In 2003, the National Federation of the Blind (NFB) voiced safety concerns for blind and all pedestrians resulting from the increase of “quiet vehicles.” While the NFB applauded the work of the automobile industry in creating a “less noisy environment,” it continued to caution safety concerns that are inevitable from the growing quiet car regime. While environmental groups were irked at the notion of an objection to the decades long efforts to address environmental hazards caused by the automotive industry, the efforts from NFB pushed forward. On January 6, 2011, President Obama signed the Pedestrian Safety Enhancement Act of 2010. The Act directed the National Highway Traffic Safety Administration (NHTSA) to enact a Federal Motor Vehicle Safety Standard that would address the pressing concerns quiet cars posed to blind and other pedestrians.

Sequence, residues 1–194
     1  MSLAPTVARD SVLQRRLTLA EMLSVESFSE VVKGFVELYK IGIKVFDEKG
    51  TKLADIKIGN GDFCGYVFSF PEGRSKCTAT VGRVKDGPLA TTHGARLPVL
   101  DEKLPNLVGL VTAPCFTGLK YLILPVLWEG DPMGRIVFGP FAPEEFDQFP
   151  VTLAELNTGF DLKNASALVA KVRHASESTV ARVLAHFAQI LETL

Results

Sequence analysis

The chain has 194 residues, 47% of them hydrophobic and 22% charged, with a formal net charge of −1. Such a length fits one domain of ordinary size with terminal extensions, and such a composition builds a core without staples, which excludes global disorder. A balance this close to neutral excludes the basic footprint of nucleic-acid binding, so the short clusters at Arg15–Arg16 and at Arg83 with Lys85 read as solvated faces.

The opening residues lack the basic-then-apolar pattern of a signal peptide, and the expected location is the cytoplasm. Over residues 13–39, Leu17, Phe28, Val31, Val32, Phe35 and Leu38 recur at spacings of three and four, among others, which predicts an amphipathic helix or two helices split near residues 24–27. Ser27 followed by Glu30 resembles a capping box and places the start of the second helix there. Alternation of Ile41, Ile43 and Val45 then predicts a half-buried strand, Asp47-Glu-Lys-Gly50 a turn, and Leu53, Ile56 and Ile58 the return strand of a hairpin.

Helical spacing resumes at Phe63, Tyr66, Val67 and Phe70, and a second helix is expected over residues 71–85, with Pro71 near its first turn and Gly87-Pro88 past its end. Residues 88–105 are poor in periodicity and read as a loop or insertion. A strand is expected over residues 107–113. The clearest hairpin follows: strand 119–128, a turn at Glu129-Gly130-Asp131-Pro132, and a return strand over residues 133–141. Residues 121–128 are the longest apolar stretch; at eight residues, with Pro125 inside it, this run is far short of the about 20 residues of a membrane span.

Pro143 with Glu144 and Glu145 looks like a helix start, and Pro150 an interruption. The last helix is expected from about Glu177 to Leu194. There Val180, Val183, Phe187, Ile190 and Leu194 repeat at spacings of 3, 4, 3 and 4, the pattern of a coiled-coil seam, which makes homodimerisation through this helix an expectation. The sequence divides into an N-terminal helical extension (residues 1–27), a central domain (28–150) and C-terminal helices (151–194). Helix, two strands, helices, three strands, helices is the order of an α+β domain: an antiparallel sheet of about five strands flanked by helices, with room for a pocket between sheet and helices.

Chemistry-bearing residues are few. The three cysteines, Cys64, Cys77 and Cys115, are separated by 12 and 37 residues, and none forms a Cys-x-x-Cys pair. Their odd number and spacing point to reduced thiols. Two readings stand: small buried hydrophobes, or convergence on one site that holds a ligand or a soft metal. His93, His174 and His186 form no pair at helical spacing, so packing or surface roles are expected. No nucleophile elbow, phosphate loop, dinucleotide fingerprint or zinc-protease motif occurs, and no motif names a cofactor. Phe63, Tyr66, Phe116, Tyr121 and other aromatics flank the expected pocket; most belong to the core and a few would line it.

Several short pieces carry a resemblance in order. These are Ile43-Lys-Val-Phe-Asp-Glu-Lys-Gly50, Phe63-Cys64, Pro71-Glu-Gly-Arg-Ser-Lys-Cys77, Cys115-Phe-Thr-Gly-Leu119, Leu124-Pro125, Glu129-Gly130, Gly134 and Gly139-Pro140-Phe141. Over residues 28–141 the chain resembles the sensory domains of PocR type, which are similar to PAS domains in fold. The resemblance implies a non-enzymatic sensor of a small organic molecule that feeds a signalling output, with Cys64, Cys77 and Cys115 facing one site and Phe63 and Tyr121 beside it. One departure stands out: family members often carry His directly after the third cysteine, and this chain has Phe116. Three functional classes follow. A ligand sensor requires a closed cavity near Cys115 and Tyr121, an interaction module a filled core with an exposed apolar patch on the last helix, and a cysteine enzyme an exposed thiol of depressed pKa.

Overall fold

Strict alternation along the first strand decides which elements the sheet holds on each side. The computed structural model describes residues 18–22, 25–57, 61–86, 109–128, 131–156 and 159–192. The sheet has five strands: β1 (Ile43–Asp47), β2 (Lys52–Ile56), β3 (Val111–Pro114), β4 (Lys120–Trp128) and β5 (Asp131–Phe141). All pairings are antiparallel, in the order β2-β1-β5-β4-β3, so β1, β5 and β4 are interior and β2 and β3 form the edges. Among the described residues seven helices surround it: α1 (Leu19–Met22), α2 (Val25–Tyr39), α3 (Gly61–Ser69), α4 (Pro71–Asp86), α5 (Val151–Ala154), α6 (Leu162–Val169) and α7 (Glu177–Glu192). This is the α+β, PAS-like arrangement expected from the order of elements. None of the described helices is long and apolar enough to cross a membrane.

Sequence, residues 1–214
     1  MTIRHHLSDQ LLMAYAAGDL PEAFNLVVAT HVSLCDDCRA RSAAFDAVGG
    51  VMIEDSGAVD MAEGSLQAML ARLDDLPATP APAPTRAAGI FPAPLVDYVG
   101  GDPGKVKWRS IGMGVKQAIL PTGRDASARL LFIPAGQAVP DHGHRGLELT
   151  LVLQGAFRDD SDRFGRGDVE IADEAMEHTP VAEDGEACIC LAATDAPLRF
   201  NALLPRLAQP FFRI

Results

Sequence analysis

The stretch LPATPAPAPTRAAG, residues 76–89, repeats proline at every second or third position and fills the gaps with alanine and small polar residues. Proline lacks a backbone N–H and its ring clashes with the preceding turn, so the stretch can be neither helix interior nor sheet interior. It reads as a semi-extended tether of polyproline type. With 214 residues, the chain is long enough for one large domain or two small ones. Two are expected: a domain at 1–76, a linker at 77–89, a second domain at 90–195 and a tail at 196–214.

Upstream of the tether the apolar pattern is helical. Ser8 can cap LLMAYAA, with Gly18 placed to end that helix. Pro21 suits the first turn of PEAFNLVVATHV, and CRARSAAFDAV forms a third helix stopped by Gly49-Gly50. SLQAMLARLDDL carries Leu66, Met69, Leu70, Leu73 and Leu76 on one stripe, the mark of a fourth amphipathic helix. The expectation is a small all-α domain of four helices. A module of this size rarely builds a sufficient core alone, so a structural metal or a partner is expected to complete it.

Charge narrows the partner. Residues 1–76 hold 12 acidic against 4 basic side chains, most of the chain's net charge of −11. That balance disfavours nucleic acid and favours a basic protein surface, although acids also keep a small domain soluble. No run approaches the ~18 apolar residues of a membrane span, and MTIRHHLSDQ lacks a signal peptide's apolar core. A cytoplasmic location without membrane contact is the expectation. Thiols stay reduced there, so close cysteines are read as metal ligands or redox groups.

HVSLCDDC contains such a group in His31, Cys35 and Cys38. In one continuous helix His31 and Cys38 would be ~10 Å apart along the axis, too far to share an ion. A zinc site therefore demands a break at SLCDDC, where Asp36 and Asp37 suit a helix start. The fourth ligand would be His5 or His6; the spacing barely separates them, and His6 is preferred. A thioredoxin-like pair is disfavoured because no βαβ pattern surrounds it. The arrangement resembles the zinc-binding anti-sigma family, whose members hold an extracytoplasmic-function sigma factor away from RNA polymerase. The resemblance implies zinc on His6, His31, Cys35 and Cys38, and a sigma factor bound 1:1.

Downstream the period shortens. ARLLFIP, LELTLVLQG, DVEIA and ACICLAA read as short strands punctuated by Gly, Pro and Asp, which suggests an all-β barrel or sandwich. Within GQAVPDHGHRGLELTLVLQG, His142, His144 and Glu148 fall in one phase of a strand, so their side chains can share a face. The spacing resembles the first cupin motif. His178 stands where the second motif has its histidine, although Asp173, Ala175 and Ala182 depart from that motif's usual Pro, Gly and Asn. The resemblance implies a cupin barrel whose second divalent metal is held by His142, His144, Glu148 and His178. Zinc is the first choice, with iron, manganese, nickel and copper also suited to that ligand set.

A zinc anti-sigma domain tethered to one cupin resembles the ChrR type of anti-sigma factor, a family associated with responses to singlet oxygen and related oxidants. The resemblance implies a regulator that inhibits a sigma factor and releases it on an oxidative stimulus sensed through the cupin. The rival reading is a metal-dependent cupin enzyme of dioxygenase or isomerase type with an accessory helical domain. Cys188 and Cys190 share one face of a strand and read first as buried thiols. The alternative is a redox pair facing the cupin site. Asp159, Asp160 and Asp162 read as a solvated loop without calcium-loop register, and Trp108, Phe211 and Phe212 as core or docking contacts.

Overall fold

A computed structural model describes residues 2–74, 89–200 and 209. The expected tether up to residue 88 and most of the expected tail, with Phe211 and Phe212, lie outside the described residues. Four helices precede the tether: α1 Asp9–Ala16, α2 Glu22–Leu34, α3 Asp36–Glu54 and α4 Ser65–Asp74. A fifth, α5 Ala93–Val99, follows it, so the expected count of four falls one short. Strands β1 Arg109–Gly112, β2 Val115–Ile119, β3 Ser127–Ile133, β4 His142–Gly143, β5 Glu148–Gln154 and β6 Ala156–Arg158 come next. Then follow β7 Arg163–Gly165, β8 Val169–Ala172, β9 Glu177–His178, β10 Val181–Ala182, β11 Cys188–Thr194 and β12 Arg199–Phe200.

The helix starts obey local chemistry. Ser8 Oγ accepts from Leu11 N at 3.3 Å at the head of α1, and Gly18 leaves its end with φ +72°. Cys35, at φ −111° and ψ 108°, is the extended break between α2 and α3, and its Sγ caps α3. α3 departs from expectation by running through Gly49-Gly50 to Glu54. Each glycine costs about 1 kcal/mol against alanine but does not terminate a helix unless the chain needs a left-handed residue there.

This post was originally published on the Cardozo International & Comparative Law Review website on October 5, 2021. The original post can be accessed via the Archived Link button above.
McCurdy, Megan, "On a Different Course – US Minimum Sound Requirements for Hybrid and Electric Vehicles" (2021). CICLR Online. 24.